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“In this complex business world, with its mixture of good and evil, it is passion, encouragement, trust and fairness that have made the business journey worthwhile.  —— Liu Li

The theatre business looks straightforward how to do it, but in practice, there are actually too many things unfathomable. Being an impresario is similar as being a West End producer, the abilities required and the risks involved are the same. It requires a good taste of art vision to choose a show coming from a foreign background and help it adapt to the West End culture; an all round knowledge of stage management; psychological understanding of artists temper and needs,  a braveheart of finance investment and a logistical head for scheduling details.

The success of a show is decided more by its promotion rather than the quality of the show itself in this commercial world, this adds another difficulty to many international shows which there are not much time and network for promotion, while a home-made production could have already sounded out and many audiences may already line up in waiting before it actual goes on sale. The showbiz is still relatively a small world in a country, every producer knows what other producing companies are doing, the public goes for those well-known producers and famous actors no matter what.

I appreciate Julius Green’s quote from Oscar Hammerstein II in his book How To Produce a West End Show, which describes what is a producer: ” a rare, paradoxical genius, …an idealist, a realist, a practical dreamer, a sophisticated gambler, a stage-struck child.”

The following acknowledgement was written 10 years ago:

The first person who helped Ms-L start the business was Pete Melanefy, a business advisor working in Education and Learning Wales (ELWa). He introduced Ms-L to the Employment Development Scheme, which made available funding of  £2,000 to start business and training courses. Pete contributed a lot of his personal time to guide the business in its early stages. 

Through Pete I met Duncan Foulkes, a PR consultant for ELWa, who helped to promote Ms-L’s first Wushu tour with his articles that were published in newspapers across Mid and South Wales. without this publicity, the martial arts tour would not so successful.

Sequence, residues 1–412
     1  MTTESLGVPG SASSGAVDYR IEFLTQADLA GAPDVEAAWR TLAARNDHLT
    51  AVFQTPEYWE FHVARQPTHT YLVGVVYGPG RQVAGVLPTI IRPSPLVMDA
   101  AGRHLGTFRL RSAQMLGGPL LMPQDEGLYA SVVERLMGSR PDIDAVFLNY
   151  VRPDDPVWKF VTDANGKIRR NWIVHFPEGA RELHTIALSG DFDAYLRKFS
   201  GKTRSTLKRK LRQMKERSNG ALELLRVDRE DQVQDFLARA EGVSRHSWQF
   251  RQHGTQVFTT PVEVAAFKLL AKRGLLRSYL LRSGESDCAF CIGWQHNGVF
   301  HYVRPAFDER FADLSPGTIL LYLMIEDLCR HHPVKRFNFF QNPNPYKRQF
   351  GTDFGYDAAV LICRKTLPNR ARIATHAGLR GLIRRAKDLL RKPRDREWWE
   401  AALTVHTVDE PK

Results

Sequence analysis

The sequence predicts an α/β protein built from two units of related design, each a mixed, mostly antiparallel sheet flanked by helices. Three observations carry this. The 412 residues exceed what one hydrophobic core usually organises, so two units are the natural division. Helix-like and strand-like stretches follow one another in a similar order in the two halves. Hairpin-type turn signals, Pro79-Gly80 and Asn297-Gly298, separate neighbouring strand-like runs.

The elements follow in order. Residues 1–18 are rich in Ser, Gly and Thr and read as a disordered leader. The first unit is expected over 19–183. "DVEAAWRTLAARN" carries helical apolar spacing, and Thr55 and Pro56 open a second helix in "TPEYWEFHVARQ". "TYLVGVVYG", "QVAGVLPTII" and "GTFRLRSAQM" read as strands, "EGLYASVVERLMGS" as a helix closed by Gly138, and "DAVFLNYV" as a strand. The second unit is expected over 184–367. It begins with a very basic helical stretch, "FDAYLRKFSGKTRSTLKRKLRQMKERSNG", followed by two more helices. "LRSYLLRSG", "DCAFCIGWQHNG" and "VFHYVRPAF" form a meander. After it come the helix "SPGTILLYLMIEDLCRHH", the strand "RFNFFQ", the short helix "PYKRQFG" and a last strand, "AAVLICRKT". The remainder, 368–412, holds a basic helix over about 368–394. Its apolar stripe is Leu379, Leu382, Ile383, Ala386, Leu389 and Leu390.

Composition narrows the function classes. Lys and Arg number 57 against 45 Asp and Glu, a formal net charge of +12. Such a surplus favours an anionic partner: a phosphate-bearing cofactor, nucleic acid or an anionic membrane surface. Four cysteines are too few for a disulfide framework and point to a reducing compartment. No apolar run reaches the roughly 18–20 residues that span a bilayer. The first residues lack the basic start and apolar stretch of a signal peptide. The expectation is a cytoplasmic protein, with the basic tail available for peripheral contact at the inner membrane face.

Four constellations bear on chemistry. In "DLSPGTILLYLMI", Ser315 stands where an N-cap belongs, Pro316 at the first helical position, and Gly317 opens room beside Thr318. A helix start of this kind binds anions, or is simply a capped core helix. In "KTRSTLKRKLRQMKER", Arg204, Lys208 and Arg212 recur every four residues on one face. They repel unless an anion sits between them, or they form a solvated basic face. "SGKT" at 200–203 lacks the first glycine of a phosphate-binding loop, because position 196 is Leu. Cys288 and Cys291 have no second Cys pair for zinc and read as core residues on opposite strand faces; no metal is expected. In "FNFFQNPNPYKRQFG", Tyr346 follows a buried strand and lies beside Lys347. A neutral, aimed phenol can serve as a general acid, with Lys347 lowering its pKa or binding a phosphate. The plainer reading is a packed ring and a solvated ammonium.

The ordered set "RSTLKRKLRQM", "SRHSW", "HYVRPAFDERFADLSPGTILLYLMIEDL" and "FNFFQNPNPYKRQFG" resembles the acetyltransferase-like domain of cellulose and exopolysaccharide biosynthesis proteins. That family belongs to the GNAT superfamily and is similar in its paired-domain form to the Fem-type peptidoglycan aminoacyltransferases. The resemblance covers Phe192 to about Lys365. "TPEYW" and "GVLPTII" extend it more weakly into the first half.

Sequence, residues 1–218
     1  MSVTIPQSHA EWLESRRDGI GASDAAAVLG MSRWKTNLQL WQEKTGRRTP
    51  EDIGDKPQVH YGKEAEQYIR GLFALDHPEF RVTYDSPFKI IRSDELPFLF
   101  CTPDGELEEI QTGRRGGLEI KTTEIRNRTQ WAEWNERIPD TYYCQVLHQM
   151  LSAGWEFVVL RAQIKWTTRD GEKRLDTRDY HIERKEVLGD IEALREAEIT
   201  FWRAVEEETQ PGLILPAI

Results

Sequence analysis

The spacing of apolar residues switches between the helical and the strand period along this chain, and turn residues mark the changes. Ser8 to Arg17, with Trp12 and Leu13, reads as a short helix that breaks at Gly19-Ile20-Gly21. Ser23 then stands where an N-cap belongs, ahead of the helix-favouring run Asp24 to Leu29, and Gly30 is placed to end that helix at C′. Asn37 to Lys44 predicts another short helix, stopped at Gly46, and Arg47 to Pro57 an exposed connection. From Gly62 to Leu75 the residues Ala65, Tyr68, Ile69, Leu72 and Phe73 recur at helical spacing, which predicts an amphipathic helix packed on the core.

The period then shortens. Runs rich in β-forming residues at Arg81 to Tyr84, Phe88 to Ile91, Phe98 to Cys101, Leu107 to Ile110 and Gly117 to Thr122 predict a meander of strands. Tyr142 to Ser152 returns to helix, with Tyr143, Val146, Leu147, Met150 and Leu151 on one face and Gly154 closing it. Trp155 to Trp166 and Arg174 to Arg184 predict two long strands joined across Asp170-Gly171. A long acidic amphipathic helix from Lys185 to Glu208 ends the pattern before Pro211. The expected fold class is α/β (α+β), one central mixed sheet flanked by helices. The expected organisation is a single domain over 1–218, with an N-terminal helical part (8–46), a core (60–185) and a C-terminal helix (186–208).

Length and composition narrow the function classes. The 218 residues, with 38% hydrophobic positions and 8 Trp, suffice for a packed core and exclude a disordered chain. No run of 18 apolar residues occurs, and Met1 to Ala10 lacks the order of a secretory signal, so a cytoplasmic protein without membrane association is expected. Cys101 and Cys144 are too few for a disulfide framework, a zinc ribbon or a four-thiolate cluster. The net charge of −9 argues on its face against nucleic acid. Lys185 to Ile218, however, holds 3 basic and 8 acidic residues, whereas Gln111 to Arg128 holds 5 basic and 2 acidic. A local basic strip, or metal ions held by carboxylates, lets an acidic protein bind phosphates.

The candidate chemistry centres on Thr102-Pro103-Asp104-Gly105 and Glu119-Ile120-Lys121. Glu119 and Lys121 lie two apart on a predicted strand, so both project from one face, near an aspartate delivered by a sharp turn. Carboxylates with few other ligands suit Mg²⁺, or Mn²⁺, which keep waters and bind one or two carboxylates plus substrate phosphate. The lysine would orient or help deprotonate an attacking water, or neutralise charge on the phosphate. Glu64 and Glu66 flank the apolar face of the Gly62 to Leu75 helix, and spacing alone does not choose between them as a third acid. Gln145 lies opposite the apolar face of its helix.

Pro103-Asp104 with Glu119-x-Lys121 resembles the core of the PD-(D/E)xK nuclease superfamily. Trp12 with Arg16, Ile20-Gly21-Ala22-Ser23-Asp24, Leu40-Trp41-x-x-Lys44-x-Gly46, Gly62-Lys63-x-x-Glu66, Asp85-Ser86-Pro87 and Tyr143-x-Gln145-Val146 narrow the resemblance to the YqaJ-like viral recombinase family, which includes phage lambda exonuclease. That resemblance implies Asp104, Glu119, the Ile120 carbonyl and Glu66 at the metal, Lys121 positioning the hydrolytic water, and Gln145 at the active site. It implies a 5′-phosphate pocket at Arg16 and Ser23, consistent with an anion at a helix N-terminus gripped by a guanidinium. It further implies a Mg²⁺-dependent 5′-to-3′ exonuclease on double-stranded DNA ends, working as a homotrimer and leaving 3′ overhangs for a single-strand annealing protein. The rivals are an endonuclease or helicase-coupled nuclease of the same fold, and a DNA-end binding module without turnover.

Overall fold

Daniel Sanderson is the best language tutor I have ever met. The holder of a Master’s degree in English, he speaks several languages. He has dedicated to helping me improve both my written and spoken English.

Thanks are also due to Paul Clifton, chief editor of COMBAT magazine, who promoted Ms-L’s Wushu tour and introduced me to British Council for Chinese Martial Arts (BCCMA) chairman Tony Swanson, talented features writer Malcolm Martin and established British martial arts masters Ian Armstrong, Neil Adawy among others.

It takes perception, trust and encouragement for a solicitor to open a no-win no-fee case. Thanks are therefore due to our experienced solicitor, John Graham, who took and won Ms-L’s first commercial litigation case. 

It’s so easy to take for granted help from my friends and relatives. Among them, I owe so much to my master degree classmate, Warren Deer and my brother, Liu Bin, both computing and software experts. Without their charity, I would not have the computer skills that are essential for Ms-L’s business, 

Ms-L wishes to thank all theatre managers and marketing staff who have taken the company’s shows with trust and support. Special thanks go to Gareth Owen, Theatre Rhyl manager, who has generously supported every Ms-L tour; Bob Summers, Blackpool Leisure Parcs entertainment executive, who gave a great encouragement for Ms-L’s tours; Martin Holliday, Marina Theatre manager in Suffolk, who promoted the Za-Ji tour; technician Samuel Copson for his genuine work on Ms-L’s behalf and Ian Sime, Clear Channel Entertainment’s new business executive, who contracted a number of venues to Ms-L’s theatre business.

Ms-L is grateful to Wu Bin, chairman of Beijing Wushu Institute, who supported the first Wushu tour to the UK and Tianjin Wushu team and its instructors Su Changlai and Xu Caitong, for their excellent show and co-operation.

Ms-L is indebted to Tian Chuanjiang, Deputy Director General of Anhui Provincial Government’s Culture Department and Zhu Jianping, Anhui Acrobatics troupe leader, who supported Ms-L’s business and have become trusted personal friends.

Thanks are also due to Chinese Embassy’s Culture Department, whose officers travelled to attend the opening show of the Za-Ji tour; Councillor Mrs Geraldine Carter, Halifax City Mayor, who hosted our acrobats; Luo Chuanzhi, chairman of Manchester Chinese Arts Association, who volunteered as photographer; HSBC bank managers Graham Proctor and Mike Ryan for their understanding and support; Graham Williams, Penny Fray, Malcolm Martin and many other journalists who wrote supportive articles to promote Ms-L’s events; and the BBC news team,  S4C etc..

The list goes on